"They left the same thing to multiple people," she says. "If there was a lawyer, they would understand the nuances of how things need to be written, and the client can make sure that what they really want is being conveyed in the documents."
Despite this situation, Wentz isn't against online wills. They are legal — all you need is a notary and two witnesses (this can vary state by state) to sign a will, and the last step in creating an online will is printing out the document and getting it notarized — and they do ask you many of the same questions that a lawyer would. She does think they're better for simpler wills, because it's easier to make mistakes with more complicated estates.
"Some of the biggest litigation cases I've ever had have to do with discrepancies in documents and no real ability to understand what that person was doing," she says.
Barbo says anyone, not matter how complicated the estate, can use them, while Mary Kate D'Sousa, a veteran estate lawyer and co-founder of Gentreo, says that while they can be used for complex estates, she agrees with Wentz in that those with around $3 million in assets or below might find it more useful than those with multimillion-dollar estates.
"You can still use these if you had millions of dollars," says D'Sousa. "But at that point, you may want to spend the $10,000 on a lawyer and do other things to protect your money."
Those who are thinking about using an online will should make sure the site is compliant with state-specific regulations. While wills are generally created in the same way across the country, there are some nuances in each locale that, if ignored, could cause problems later on, says Wentz. Most online sites do take various regulations into account, and they automatically update their software when regulations change, but don't take it for granted.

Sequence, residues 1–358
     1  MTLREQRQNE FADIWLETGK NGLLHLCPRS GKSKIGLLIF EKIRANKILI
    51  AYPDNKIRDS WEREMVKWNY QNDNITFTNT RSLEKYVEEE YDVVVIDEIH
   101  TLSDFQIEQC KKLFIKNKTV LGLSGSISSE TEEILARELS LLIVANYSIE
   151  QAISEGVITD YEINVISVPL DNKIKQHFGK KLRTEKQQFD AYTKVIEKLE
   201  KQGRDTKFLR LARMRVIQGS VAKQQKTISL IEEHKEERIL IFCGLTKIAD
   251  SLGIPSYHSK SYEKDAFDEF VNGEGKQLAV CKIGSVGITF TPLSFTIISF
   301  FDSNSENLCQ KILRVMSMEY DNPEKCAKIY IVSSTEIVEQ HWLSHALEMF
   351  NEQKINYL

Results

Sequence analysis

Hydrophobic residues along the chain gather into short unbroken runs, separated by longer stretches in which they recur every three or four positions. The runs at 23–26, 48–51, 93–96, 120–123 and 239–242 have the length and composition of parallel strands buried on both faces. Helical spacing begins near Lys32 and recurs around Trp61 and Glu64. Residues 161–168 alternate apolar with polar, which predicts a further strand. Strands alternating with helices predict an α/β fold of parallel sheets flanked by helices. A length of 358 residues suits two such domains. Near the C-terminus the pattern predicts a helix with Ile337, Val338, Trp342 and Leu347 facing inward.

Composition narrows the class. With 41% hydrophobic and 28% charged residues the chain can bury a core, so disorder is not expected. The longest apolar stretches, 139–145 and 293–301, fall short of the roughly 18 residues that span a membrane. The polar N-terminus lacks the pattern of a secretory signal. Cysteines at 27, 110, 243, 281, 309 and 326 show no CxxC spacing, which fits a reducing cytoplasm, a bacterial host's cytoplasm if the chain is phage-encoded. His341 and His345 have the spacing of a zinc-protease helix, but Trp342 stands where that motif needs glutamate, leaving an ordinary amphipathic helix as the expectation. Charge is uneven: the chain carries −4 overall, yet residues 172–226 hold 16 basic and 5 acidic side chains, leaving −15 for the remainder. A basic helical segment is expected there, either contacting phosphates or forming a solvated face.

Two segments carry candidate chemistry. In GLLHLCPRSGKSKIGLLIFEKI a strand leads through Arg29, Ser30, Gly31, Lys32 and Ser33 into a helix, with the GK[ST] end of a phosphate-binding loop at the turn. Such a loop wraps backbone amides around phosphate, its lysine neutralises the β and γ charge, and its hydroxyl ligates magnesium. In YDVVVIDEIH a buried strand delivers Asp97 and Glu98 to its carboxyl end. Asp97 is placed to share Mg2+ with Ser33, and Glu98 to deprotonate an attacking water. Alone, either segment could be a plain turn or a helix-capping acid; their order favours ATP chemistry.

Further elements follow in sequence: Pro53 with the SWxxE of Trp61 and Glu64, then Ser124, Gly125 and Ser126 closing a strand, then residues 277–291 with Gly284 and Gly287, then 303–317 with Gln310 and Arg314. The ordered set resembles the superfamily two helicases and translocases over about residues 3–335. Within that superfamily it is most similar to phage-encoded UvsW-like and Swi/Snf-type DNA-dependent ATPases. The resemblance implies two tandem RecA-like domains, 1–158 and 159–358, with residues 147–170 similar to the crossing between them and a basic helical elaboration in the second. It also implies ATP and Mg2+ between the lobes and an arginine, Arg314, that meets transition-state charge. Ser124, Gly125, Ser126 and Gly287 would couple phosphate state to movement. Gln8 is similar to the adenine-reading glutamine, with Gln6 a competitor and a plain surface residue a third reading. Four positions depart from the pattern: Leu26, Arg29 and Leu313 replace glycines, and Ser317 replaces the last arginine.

As COVID-19 keeps people home, meeting with a lawyer to create a will may become more complicated, though the services lawyers provide have been deemed essential in many states.
Getting two witnesses and a notary to validate an online will could be difficult, too, though Barbo says that some jurisdictions are looking at ways for notaries and witnesses to sign by video or through an e-signing service like DocuSign. Last year the Uniform Law Commission approved the Electronic Wills Act, which permits the electronic signing of wills and allows probate courts to deem electronic wills legal. Typically, states adopt ULC recommendations, though it could take some time.
The crisis, though, may speed up adoption. Notaries can already create a will electronically in Nevada and Indiana — Florida's introducing e-singing for wills on July 1 — while others are considering it. New York state recently announced that notaries can sign documents via video through April 18, but as of now, wills are not included.
Whether in person or on video, though, you will have to show a notary your ID to ensure that the will belongs to you and that you have the mental capacity to create one.
As the COVID crisis continues to unfold, it's likely more people will be looking for an easy, but still effective, way to create a will. D'Sousa says that wills are often something that people will get to later, but there's more of a sense of urgency to complete one now.
"As awful as the pandemic is, at least it will enable people to take action they need to protect their families and loved ones," she says. "This has now moved from the to-do list to 'I really have to get that done.'"
For Hopkins, who enjoyed the online will process and found that it made her think about important life decisions that she's never thought of before, finally completing the document — and sharing it with her boyfriend, mother and best friend — has given her at least some peace of mind in all this COVID chaos.
"I feel a lot better having multiple people who know what to do and what I want, especially not knowing what might happen over the next couple of months," she says. "It makes me feel more at ease."
Disclosure: NBCUniversal and Comcast Ventures are investors in Acorns.